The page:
Welcome to Kavachi, a volcano in the Solomon Islands’ Southwest Pacific Sea. The initial known eruption happened in 1939, and the most recent happened in January of 2014.
According to National Geographic, in addition to releasing the Planet’s hot guts, Kavachi also works as a home for aquatic types.
“There’s no way anything can live in there when it’s exploding,” sea engineer Brennan Phillips explains in the video below. That’s why finding these species deep within the volcano is so baffling. They remain in a location where they may “pass away at any time,” so how can they keep going? These are the questions that come to mind after seeing this awesome footage.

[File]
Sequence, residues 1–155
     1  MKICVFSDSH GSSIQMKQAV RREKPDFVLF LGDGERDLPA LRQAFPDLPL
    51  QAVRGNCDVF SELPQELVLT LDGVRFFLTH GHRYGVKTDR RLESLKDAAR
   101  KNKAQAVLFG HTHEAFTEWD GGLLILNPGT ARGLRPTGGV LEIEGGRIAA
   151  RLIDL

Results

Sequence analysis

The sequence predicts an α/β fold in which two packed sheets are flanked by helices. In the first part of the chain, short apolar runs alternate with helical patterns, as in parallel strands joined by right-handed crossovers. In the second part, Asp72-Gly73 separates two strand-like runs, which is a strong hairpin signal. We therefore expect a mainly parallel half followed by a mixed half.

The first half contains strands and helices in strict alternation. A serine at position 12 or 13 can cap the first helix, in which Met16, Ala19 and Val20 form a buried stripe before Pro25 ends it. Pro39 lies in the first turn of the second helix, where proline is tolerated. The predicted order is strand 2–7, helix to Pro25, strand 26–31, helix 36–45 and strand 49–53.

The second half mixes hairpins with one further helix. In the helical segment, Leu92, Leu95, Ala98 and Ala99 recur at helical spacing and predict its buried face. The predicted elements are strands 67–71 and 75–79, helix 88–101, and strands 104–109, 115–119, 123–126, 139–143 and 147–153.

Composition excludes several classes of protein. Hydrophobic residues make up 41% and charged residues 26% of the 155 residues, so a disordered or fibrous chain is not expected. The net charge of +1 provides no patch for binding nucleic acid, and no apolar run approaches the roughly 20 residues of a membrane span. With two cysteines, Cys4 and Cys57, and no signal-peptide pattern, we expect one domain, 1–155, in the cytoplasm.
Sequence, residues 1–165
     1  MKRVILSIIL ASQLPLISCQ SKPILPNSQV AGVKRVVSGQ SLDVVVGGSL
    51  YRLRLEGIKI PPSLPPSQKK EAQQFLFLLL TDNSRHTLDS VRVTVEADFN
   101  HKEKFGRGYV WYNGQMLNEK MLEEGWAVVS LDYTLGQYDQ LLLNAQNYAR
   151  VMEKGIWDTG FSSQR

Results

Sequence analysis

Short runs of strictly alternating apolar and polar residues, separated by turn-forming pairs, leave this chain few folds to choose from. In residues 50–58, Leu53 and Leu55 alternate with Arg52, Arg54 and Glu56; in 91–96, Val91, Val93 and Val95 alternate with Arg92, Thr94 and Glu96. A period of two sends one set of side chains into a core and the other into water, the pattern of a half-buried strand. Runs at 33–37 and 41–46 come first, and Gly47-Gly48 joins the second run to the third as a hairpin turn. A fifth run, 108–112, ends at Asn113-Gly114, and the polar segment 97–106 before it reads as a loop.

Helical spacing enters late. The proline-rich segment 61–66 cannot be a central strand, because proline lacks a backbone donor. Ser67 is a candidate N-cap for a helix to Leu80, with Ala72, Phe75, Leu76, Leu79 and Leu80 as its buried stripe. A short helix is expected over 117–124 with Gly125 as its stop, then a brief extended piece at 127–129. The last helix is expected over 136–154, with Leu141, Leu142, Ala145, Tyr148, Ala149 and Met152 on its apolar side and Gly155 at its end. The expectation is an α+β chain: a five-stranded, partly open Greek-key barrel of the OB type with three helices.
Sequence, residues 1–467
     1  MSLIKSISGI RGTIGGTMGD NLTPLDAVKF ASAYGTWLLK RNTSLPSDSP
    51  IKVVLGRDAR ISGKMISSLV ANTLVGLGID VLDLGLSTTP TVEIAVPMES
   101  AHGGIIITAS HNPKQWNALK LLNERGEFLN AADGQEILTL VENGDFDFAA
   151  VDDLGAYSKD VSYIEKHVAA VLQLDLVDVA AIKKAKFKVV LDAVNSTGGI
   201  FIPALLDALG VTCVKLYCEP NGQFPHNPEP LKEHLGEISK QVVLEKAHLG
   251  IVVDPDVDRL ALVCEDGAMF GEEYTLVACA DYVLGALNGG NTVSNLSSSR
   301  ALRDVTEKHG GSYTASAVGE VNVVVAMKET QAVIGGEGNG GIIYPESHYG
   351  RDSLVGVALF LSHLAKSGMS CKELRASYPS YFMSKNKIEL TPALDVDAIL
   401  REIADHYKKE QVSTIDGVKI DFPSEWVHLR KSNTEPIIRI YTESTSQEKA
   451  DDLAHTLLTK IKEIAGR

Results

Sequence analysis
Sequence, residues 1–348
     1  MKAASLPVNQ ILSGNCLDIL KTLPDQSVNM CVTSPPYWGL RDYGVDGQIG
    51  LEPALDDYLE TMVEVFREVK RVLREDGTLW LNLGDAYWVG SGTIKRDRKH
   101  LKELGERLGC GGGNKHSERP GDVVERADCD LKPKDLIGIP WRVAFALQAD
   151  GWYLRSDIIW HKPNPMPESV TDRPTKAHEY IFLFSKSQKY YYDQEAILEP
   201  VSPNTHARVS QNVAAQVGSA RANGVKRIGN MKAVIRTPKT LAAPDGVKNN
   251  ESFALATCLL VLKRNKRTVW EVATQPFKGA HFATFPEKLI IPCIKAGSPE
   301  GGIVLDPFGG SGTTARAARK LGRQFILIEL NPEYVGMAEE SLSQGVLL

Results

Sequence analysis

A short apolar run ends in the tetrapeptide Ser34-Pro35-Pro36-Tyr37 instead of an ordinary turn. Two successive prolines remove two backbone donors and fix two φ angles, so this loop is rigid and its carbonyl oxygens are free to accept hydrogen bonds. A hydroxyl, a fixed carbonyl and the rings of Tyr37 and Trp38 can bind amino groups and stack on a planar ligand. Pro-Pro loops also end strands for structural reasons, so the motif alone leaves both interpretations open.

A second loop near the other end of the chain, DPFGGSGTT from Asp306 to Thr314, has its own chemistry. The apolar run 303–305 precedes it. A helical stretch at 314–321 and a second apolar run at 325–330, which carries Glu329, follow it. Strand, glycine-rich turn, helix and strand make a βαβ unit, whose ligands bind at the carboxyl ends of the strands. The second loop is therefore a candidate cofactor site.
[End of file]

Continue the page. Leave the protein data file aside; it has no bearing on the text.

As the cam comes down right into the volcanic plume, the color of the water adjustments considerably. The first creature discovered was a sixgill stingray.
The cam found three species throughout its hour-long trek within the underwater volcano: the scalloped hammerhead shark, the silky shark, and the sixgill stingray.
Phillips questions in the video on realizing that these creatures live in an active volcano: “Do they leave? Is there any type of indication that it’s about to erupt? Do they erupt in a series of little explosions that send them rising into the sky?” The researchers arrived with one inquiry and left with a slew of them. That, according to Phillips, is what makes this effort so unique.